AutoCAD 2000 replaces the Aipropchk command with a new Properties command. You can invoke it in several ways, including pull-down menus and toolbars, but the easiest way is to select one or more objects, then right-click in a blank drawing area. Select Properties from the menu that pops up, and a dialog box similar to that in figure 5 appears.

I say similar because its format depends on the type of object selected. It changes on the fly if you select more objects while it’s open.

You can change the usual properties such as layer and color for all objects, but the Properties command performs many more feats of magic. Unlike in earlier AutoCAD releases, this dialog box lets you change dimensional characteristics for a multiple selection. For example, when I select several circles and type in a new diameter, all selected circles change to the new diameter.

Come back next month to learn many more feats of editing magic that you can perform in AutoCAD 2000.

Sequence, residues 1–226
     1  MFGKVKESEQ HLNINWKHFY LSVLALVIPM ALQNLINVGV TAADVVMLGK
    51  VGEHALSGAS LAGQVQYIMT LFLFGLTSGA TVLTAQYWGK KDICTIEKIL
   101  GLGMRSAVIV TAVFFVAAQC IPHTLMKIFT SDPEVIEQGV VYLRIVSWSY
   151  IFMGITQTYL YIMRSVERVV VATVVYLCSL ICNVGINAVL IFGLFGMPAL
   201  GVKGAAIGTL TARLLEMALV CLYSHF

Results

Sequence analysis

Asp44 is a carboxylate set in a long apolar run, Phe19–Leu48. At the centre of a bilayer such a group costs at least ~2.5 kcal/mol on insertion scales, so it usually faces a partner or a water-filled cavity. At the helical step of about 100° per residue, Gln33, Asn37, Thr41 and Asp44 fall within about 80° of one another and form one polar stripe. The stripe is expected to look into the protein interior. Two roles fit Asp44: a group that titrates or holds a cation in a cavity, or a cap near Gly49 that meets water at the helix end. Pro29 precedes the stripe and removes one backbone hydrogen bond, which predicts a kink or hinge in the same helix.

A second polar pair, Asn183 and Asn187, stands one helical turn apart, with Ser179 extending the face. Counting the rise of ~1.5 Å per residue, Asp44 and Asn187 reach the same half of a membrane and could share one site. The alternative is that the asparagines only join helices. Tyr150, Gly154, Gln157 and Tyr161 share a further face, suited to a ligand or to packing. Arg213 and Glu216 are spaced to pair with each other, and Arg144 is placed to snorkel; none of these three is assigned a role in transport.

One final question: How come last month’s column covered the Undo command and this one covered changes?

I can’t plan far enough ahead. Logically, the Undo article should follow this one.

And now for something completely different
You should regularly check the tension in the wire spokes of vehicles that are equipped with such wheels. These include motorcycles, bicycles, vintage and classic cars, and older baby buggies.

When tensioned properly, all spokes give out a clear ringing tone when tapped with a metal object such as a screwdriver. Any that produce a dull thud are loose and must be tightened properly so the vehicle will handle safely at high speeds.